If you’ve been following how growth stocks have fared on U.S. exchanges recently, you’ll have noticed that the market is punishing stocks on any signs of weakness. Beating earnings may not be enough at a time when many sectors, like tech stocks, seem overbought.
The same tenacity is shaking up TSX growth names. Shares of Constellation Software Inc. (TSX:CSU), considered by many as a robust software company and darling investment, got hammered on Friday. At the time of writing this piece, Constellation stock was down 7.5%.
This price drop eclipses single-day poor performance over the last 300 trading days for this stock (nearly double the 3.7% drop on May 18, 2018). Ouch!
Constellation has been one of the best stocks of the year. There was frothier-than-usual volume in the days leading up to the Thursday, July 26th earnings report. I viewed this as a sign that shareholders were playing it smart and taking profits when they had the chance. No one predicted this kind of drop, though! It was a bit odd that the company choose to have no earnings call. Investor questions can instead be logged online for easier access. I have to admit, I don’t mind this format.
Is Constellation still worthy of such a high price multiple after this quarter?
Constellation’s bottom line was reported in earnings per share (EPS) of $5.75, missing estimates by 15%, as analysts expected the quarter to produce an EPS of $6.78.
On the top line, revenue came within target, missing the $753 million estimated by a mere $1 million.
Meanwhile, revenue was up 25% from Q2 2017. Constellation makes most of its money from ongoing contracts, both in private and public sectors. A notable highlight in the earnings report was a 56% increase in professional software services in the private sector. Consistent with the business modus operandi, Constellation also gobbled up more software companies through $43 million in acquisitions this quarter.
Reasons to be concerned about Constellation
- Sales were $3.1 billion in 2017, an impressive number. Yet year-over-year sales are actually slowing, from 32%, 12%, and then 9% from 2014 through to 2017. Don’t let the percentages trick you, though. It is not possible to increase sales at the same pace without exponential sales growth. This is unrealistic to expect for a $22 billion market cap company. It ain’t a small cap anymore!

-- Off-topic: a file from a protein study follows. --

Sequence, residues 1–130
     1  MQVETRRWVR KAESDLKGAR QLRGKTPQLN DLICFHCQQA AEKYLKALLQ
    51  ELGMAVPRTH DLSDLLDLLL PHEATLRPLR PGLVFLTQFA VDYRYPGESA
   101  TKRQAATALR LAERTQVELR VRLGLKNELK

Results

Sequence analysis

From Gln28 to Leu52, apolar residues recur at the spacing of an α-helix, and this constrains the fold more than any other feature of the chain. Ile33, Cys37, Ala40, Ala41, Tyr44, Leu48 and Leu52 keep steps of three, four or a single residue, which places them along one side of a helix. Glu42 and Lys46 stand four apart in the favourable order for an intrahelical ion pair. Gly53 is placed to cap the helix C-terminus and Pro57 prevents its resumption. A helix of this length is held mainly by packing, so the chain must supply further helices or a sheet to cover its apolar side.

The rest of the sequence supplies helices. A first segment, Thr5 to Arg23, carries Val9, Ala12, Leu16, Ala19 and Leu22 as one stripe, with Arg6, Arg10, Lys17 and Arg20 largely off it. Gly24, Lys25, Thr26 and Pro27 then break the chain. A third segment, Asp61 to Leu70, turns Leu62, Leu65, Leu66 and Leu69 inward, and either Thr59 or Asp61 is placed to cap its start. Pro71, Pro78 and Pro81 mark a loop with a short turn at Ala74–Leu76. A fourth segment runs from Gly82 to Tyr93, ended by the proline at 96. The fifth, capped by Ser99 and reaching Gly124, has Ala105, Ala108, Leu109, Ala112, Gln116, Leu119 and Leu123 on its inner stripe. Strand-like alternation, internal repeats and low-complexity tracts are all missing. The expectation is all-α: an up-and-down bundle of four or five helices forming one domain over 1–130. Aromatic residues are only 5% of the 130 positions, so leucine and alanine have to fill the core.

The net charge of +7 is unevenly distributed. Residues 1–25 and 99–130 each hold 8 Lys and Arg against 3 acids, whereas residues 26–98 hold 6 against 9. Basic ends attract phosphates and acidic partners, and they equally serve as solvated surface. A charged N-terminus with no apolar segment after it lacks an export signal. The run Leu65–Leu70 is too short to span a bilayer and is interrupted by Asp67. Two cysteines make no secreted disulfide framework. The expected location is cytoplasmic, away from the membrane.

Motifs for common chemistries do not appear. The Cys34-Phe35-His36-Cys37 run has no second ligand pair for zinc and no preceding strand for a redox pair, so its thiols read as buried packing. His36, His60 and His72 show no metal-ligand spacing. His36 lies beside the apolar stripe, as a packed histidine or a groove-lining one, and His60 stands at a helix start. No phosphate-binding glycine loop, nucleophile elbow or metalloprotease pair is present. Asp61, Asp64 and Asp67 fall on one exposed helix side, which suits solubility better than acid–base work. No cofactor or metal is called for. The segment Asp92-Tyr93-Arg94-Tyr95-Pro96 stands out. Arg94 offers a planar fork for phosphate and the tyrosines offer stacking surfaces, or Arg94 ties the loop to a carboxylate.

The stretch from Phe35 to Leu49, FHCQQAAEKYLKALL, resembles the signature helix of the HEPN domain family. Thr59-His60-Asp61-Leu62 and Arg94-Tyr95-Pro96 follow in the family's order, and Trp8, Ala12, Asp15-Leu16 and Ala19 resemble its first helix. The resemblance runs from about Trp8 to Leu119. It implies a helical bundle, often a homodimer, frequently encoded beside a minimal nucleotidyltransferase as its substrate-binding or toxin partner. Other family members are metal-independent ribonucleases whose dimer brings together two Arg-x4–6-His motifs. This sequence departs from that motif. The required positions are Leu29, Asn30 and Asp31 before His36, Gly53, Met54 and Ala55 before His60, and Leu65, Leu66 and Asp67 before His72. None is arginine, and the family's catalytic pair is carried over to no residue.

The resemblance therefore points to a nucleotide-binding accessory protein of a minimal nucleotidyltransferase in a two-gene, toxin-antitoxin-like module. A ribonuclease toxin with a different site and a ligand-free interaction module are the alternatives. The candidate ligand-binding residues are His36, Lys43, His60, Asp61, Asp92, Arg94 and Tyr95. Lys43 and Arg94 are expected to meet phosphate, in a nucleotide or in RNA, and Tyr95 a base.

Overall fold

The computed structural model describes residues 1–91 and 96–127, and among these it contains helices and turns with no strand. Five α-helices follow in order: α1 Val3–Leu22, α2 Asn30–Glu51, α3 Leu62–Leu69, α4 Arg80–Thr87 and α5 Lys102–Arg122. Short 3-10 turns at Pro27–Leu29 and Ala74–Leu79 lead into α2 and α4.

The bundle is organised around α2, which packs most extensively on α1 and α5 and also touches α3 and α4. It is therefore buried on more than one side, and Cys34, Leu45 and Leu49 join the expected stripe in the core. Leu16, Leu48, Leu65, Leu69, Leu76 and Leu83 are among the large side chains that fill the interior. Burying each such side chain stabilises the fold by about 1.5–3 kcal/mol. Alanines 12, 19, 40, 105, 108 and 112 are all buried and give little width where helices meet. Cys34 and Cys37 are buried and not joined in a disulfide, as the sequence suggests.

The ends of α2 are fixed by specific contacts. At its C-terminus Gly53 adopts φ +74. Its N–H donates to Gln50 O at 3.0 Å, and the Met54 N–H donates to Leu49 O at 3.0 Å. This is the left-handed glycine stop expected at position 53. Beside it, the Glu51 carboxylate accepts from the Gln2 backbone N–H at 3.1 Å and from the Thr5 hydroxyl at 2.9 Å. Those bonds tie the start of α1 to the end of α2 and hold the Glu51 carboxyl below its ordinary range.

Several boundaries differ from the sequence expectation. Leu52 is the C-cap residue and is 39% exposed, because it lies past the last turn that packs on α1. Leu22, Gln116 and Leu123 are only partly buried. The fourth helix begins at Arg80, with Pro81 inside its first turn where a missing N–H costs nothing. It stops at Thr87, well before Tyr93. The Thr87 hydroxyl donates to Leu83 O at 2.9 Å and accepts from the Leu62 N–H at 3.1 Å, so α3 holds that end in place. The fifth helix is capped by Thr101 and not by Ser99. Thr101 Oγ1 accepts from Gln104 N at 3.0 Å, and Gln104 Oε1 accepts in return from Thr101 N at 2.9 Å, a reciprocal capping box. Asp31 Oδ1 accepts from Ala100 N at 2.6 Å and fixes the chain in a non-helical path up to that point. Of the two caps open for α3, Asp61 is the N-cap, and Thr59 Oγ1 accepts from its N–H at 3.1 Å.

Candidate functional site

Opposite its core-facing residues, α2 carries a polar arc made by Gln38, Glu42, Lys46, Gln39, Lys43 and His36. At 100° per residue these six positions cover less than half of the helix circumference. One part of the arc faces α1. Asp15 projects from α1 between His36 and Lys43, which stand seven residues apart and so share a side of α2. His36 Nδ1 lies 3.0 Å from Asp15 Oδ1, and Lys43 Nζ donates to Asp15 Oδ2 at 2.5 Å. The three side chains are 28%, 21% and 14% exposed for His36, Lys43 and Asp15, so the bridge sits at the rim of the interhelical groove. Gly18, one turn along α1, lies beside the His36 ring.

- Current price-to-sales ratio of 9.1 is the highest it has been in 10 years.
- Some insiders were taking profits by selling shares in advance of the quarterly report. I don’t view this as a sign of weakness, but, undoubtedly, this is a small factor in the price dump.
After a meteoric rise year to date, Constellation stock is correcting downward towards a 100-day moving average. With its wide business moat, strong revenues from both the private and public sector, Constellation deserves a high multiple.
Mat Litalien makes the point that this stock is good for millennial investors. I agree. The market is saying that a forward-looking price-to-earnings ratio above 30 may no longer be acceptable. Analysts seem to agree that Constellation could not keep up the rapid pace to match the investors hype that bid the stock up in the first place. One bad quarter will not sink this software ship; this is more of a reboot.
This article represents the opinion of the writer, who may disagree with the “official” recommendation position of a Motley Fool premium service or advisor. We’re Motley! Questioning an investing thesis — even one of our own — helps us all think critically about investing and make decisions that help us become smarter, happier, and richer, so we sometimes publish articles that may not be in line with recommendations, rankings or other content.
Fool contributor Brad Macintosh has no position in any of the stocks mentioned.